NYC Airports: We Can No Longer Tolerate TSA's 'Inadequacy'

PHOTO: People wait in a security line at John F. Kennedy Airport (JFK), March 24, 2016, in New York City. PlaySpencer Platt/Getty Images
WATCH TSA Chaos Across the Country

Travelers, it’s not just you.

Management of the New York City area’s three major airports is fed up with long lines at security checkpoints, and it has given the Transportation Security Administration an ultimatum: Either shorten the lines or we’ll find someone else to do it.

The Port Authority of New York and New Jersey, tasked with running John F. Kennedy, LaGuardia and Newark airports, is threatening to privatize the process of screening passengers before boarding their flights, according to a document sent from the Port Authority to TSA Administrator Peter Neffenger.

“We can no longer tolerate the continuing inadequacy of the TSA passenger services,” reads the letter, obtained by ABC News.

According to the Port Authority, from March 15 to April 15 of this year, JFK had 253 reported instances of waits of more than 20 minutes. In 2015 only 10 instances were reported over the same period.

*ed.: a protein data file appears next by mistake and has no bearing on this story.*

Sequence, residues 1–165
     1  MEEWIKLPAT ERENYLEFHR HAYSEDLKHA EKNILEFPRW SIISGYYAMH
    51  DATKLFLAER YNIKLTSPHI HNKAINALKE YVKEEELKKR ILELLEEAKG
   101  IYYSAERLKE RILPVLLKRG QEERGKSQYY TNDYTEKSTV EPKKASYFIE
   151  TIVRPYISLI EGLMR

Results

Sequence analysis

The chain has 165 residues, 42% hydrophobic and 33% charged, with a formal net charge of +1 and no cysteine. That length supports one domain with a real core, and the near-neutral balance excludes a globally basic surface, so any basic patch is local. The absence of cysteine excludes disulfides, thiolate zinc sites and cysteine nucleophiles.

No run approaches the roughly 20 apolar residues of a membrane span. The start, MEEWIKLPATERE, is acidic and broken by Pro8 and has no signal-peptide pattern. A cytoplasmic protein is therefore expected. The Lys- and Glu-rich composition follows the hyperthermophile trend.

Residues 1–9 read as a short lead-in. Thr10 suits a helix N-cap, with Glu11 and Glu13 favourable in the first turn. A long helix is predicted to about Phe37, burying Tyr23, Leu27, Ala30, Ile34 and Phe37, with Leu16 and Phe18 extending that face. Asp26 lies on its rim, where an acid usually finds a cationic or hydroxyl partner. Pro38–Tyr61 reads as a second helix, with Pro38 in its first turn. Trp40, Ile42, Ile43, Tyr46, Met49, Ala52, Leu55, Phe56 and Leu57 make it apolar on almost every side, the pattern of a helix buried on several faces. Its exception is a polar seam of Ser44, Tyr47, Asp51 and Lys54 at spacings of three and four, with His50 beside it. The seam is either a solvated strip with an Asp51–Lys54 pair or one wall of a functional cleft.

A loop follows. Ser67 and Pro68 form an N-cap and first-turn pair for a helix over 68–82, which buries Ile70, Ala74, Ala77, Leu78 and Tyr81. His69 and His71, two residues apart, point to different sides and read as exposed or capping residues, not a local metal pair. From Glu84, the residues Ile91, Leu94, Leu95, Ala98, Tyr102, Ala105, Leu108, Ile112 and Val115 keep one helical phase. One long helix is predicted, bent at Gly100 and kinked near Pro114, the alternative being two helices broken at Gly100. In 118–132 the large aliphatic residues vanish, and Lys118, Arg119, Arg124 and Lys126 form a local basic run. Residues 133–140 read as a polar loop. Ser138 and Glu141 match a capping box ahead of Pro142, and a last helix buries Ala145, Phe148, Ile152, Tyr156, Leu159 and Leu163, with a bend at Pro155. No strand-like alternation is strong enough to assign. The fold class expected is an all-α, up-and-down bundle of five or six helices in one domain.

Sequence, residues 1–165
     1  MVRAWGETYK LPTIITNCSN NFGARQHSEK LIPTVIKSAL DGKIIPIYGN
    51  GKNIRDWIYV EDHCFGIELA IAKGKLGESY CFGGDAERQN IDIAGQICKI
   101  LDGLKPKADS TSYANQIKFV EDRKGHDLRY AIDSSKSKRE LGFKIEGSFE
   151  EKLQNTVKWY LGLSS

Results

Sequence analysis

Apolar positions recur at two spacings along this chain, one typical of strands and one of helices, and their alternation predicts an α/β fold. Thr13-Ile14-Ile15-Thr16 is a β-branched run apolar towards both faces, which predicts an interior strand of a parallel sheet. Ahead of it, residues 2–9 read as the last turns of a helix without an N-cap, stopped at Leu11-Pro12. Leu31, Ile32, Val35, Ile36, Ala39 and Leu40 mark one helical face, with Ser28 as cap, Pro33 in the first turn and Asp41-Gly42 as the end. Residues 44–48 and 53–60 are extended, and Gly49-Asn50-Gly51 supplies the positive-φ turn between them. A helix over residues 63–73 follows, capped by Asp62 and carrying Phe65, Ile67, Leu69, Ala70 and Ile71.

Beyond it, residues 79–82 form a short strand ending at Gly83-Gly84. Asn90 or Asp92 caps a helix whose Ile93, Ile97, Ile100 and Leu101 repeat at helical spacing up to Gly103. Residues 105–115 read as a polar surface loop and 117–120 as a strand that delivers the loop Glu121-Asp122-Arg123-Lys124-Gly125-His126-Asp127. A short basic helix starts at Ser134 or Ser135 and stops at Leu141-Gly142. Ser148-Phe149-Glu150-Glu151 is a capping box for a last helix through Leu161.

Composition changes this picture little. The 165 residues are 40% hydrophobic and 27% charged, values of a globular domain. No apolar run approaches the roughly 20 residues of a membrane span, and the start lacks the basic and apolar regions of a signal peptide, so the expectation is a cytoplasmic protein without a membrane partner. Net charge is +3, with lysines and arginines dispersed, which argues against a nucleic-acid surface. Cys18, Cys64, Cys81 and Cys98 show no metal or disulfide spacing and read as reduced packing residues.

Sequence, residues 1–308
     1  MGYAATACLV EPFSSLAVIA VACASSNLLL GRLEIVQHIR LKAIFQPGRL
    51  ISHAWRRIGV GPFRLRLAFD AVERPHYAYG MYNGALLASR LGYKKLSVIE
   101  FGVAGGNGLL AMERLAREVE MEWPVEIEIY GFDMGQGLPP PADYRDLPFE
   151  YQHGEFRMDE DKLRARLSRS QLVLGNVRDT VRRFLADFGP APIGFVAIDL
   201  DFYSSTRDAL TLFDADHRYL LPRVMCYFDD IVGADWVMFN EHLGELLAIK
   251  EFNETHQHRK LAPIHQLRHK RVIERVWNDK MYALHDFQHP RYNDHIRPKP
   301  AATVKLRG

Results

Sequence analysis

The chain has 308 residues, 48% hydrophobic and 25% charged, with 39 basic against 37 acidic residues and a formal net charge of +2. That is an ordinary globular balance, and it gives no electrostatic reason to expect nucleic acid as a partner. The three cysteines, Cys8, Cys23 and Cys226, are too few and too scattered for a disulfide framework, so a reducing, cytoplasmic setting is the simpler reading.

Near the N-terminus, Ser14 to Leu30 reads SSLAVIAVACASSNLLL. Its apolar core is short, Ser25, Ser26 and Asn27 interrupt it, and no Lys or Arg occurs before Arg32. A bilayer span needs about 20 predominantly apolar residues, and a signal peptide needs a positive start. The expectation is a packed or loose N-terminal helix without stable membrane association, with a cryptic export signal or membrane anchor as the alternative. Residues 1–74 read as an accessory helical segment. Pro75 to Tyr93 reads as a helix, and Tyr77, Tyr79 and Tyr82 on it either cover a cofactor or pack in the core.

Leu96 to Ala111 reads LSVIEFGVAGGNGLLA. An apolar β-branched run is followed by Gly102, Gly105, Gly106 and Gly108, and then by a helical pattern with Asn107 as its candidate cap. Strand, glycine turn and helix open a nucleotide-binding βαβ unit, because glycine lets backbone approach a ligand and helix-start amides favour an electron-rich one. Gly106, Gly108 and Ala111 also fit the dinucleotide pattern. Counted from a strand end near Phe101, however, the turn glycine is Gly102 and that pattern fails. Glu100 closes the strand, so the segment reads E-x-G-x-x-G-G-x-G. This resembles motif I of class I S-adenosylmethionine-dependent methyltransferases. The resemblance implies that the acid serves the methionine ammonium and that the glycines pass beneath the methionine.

“The patience of the flying public has reached a breaking point,” the letter reads. Passenger wait times have “risen dramatically in recent months, prompting angry complaints from passengers, terminal operators and airlines alike citing inconvenience, delayed flights and missed flight connections.”

While the Port Authority says it understands the challenges facing the TSA, it says it “is exploring the merits” of participating in private screening “to enhance flexibility in the assignments and operating hours of front line screening staff.”

The New York–area airports aren’t the first to do so.

The busiest airport in the country, Atlanta’s Hartsfield-Jackson, made a similar threat in February.

There are fewer than two dozen airports using private screening. Most of those airports are very small, but there are exceptions.

San Francisco International Airport and Kansas City International Airport both have private firms handling a significant number of passengers. The companies must meet the same standards and protocols as the TSA and pay its officers at least what the TSA pays.

The airports and firms must first pass an approval process.

A TSA representative said that the agency is addressing the growing volume of travelers but that the “TSA’s primary focus is the current threat environment, as the American transportation system remains a high-value target for terrorists.”

The TSA said it will respond to the Port Authority directly. The agency said there is no noticeable difference in wait times between government and privatized screening points. The agency encourages travelers to sign up for TSA Pre or another trusted traveler program, like Global Entry, and to arrive at airports at least two hours before a domestic flight.